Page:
The Ypres Salient - CWGC

The ancient Belgian city of Ypres, located at the corner of the coast plain at the junction of the Comines and Yser (Yperlee) canals, was of vital importance as a protector of the routes to the Channel ports of Dunkirk, Calais and Boulogne. In a climate never short of rain, the low-lying countryside in which YpresThe Grand Place, Ypres, before the town was shelled, November 1914. stood was almost permanently damp; water was always very close to the surface and it only took a matter of digging to an average depth of eighteen inches in the saturated earth to reveal and release this excess.

Flooded trenches were a persistent and unpleasant characteristic of the defensive positions in this sector; indeed in some areas the surface water was so abundant that attempts to dig trenches were abandoned and instead high ramparts of earth, logs and sandbags ('breastworks') were constructed the better to provide shelter for troops and protect them from small arms and artillery fire.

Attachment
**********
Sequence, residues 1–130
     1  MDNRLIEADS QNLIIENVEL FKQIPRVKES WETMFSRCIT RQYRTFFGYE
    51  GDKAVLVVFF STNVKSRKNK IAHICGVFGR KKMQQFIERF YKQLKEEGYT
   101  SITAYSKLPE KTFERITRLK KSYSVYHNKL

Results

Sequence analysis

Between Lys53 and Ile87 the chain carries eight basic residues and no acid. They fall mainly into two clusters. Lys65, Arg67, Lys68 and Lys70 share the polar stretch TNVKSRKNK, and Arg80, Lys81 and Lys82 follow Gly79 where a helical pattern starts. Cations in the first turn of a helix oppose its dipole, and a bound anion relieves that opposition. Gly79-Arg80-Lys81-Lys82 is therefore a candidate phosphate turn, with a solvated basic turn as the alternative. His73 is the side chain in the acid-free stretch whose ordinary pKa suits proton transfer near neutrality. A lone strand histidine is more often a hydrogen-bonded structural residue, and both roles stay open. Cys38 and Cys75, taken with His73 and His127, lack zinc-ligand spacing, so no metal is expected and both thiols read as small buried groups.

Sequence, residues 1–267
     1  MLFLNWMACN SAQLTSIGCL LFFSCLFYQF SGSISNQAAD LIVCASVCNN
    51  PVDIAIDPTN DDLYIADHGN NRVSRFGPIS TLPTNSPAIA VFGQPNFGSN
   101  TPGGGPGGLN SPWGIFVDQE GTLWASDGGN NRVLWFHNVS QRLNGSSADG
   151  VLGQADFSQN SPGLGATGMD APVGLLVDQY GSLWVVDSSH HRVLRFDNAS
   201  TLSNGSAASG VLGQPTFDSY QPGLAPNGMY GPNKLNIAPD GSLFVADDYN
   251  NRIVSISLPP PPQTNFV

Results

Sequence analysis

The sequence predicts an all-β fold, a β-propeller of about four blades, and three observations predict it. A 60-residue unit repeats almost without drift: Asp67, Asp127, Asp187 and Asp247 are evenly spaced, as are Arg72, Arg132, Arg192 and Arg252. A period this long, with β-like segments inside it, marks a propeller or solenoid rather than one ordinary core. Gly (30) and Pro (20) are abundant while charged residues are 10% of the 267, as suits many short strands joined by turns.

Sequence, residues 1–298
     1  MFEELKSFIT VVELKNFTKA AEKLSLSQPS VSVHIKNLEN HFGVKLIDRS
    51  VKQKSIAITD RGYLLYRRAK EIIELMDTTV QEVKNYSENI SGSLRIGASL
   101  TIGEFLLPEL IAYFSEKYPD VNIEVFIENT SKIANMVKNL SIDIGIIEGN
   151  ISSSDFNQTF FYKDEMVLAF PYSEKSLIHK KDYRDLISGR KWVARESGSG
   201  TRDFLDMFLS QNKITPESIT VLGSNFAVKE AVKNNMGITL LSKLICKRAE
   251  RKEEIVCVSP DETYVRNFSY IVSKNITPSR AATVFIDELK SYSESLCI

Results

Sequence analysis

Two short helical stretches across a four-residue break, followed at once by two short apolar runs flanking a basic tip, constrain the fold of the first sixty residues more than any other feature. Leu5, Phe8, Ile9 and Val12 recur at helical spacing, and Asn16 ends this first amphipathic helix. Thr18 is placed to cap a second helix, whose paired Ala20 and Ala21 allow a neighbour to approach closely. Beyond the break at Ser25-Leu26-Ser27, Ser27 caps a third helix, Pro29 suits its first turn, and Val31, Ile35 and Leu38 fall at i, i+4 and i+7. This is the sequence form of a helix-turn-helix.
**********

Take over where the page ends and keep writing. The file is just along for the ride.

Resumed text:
During the First World War Ypres and its outlying arc of villages to the north, east and south, were the focus for three immense and important battles: First Ypres, October-November 1914; Second Ypres, April-May 1915 (in which poison gas was first used on a large scale on the Western Front); and Third Ypres, July-November 1917 (widely known as the 'Passchendaele Offensive' this battle became a source of bitter historical controversy). The city was also perilously near to being captured during the great German March offensive of 1918. Ypres became of symbolic importance to the British Army (as Verdun was to the French) and the British High Command was loath to relinquish its hold; it became, in the words of the war artist Paul Nash, 'a monument to doggedness'.


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